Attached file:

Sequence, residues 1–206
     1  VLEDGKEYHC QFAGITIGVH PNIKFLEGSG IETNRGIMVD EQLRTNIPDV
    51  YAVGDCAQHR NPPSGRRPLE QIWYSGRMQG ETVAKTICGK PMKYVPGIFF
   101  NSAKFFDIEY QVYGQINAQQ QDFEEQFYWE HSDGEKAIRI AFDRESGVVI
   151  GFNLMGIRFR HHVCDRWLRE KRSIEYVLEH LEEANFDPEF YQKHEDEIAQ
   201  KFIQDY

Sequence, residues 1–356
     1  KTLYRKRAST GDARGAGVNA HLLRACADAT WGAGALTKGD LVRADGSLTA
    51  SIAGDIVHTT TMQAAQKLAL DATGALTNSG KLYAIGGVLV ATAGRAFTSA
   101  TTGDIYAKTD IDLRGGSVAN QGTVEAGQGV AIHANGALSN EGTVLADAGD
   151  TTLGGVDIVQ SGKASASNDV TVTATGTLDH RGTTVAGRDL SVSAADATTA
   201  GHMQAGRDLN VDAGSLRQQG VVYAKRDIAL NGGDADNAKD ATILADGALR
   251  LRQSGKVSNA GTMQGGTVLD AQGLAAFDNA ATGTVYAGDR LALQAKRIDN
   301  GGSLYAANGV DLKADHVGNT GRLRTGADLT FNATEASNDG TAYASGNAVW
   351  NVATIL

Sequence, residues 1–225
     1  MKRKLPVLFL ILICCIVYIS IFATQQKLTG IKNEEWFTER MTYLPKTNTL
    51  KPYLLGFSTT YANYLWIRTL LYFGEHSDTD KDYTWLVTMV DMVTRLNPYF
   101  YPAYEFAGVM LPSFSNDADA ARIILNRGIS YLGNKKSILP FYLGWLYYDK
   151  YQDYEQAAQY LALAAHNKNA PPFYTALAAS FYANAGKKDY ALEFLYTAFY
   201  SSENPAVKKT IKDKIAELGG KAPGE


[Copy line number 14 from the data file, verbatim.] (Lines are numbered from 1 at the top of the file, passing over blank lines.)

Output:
   301  GGSLYAANGV DLKADHVGNT GRLRTGADLT FNATEASNDG TAYASGNAVW